Before we started the engine, we towed the car around the block to get the oil pump primed and to get oil around the galleries. And having said there is only one caveat, I can now tell you there is at least one more.
The oil pressure bypass port is closed by a metric 10 x 1.5 plug. When I put the engine together I didn't have a 10mm plug, so I covered the hole with masking tape, and when I painted the engine the tape got painted too, and forgotten. So now I am in a position to tell you that a piece of masking tape painted to match the engine colour is not an effective substitute for a 10mm metric plug when it comes to resisting the mighty pressure of an XPAG oil pump.
Having sorted out this minor problem, which dumped a gallon of running-in oil onto the road, finishing in a conspicuous puddle outside our house, we towed the car around the block again to make sure oil was circulating, and then we put the plugs in, turned on the ignition, let in the clutch, and it fired and started on the first compression stroke, and ran for the first time in thirty three years. I drove it back to its garage, and we cracked the champagne.
And although it wasn't registered because it still lacked bumper bars, we hired a trailer and took it to the concours which was celebrating 60 years since TDs were first introduced, where it attracted an appropriate amount of interest.
Oil Pressure Although the car was substantially finished - at least finished enough to drive it in good weather - the oil pressure was disappointingly low. I changed the oil pressure relief valve - no difference. I swapped the oil pressure gauge - no difference. I was puckering myself up for the first serious bit of maintenance - taking the oil pump apart and measuring/reconditioning it, followed by the oil filter bypass valve, and then even taking the sump off and checking the suction filter assembly and associated gasket which are located in the sump itself, which would have meant oil leaks ever after because I hadn't done the lip seal conversion and I don't believe it is possible to assemble the cork rear oil seal correctly without taking the whole engine out - when I thought to trace as far as possible oil pressures throughout the system. Now there is an external pipe supplying the rocker shaft from the lower oil gallery, and the feed to the oil gauge is taken off here. The diagram on Page A2 of the manual (Engine Components) shows the feed being taken off the top of this pipe, but Figure A1 on pA4 suggests that the feed is taken from the bottom of the pipe. All the cars I have seen have the feed coming from the bottom, with a union on the lower banjo, but I thought it made a much neater installation to take the feed from the top, so thats what I did. I inverted the pipe so that the banjo with the union was on the top, and took the feed to the oil pressure gauge from there. So the first step in my diagnostic procedure was easy - simply blank off the feed to the rocker shaft, and run the engine just long enough to check the pressure. Bingo: the gauge registered an acceptable pressure (still a bit lower than I would have wished, but acceptable). Evidently the rockers were taking enough oil flow to lead to a significant pressure drop along the external pipe. Solution: blow through the external pipe, replace it in its correct orientation, and take the oil pressure feed from the bottom. Now an acceptable pressure was registered: still a bit lower than when the rockers were blanked off, indicating a significant pressure drop even along the main gallery, and perhaps also indicating that the oil pump is not capable of supplying demand from the entire engine and therefore requires overhaul but good enough for me to put it off sine die.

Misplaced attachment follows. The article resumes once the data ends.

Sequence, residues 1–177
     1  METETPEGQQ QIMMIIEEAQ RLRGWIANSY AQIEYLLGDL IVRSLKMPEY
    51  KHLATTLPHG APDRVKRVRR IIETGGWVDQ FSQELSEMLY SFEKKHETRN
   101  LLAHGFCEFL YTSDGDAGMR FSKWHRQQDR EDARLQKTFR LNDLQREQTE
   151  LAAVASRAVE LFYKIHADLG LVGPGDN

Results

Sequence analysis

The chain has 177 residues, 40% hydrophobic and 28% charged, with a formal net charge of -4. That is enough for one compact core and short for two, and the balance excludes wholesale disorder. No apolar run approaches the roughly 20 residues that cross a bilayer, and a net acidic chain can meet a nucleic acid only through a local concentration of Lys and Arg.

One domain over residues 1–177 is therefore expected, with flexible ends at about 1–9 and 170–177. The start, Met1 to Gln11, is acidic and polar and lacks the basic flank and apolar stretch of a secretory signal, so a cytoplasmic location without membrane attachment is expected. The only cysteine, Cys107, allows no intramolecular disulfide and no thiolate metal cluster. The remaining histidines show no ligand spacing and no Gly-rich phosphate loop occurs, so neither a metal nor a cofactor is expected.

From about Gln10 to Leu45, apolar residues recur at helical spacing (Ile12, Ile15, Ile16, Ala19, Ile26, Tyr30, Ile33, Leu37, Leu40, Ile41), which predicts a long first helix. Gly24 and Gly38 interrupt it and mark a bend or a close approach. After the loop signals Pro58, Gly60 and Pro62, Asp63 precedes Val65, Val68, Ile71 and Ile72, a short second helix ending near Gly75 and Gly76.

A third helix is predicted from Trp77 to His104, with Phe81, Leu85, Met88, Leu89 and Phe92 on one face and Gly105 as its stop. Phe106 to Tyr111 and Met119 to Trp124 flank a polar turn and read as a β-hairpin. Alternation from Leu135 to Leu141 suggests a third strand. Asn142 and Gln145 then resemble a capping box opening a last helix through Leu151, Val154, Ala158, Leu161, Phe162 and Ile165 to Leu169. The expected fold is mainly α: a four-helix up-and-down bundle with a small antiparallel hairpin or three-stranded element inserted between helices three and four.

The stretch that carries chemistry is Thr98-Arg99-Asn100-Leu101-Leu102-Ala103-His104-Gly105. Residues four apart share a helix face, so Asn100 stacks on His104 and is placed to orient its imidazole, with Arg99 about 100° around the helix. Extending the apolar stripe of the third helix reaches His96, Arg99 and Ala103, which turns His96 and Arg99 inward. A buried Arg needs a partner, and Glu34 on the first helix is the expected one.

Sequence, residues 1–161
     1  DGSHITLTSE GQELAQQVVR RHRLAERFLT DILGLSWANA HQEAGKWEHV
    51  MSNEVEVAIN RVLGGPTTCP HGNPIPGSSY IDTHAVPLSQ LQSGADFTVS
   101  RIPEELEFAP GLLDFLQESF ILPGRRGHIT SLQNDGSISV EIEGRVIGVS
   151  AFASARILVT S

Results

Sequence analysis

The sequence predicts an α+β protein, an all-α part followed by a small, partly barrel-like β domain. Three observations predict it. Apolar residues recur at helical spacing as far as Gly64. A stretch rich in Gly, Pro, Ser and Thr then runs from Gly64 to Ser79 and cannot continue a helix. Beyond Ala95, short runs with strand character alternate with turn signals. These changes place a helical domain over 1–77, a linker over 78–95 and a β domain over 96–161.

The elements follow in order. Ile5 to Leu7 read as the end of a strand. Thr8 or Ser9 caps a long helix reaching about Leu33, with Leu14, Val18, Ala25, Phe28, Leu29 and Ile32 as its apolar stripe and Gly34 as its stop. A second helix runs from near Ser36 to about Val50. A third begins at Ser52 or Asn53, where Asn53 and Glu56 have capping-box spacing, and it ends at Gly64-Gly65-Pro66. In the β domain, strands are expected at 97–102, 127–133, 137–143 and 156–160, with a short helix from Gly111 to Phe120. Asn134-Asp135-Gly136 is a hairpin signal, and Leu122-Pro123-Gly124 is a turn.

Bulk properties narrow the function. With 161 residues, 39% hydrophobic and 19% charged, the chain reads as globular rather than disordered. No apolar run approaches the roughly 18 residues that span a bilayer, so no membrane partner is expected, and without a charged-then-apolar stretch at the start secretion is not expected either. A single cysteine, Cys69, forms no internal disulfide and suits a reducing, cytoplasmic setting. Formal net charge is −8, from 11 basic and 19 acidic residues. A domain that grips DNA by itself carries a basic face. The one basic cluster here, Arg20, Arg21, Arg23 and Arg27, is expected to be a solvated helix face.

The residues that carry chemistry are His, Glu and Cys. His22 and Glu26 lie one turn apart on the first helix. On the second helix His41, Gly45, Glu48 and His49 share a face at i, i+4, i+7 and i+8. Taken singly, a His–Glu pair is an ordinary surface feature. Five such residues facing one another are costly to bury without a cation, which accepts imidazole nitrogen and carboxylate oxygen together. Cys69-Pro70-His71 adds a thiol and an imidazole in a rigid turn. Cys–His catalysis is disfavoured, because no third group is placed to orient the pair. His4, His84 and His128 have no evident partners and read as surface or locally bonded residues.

more to come...
(Note to self: the new oil filter cartridge is RYCO R2001P (156x773x33)
Good luck, please send me an email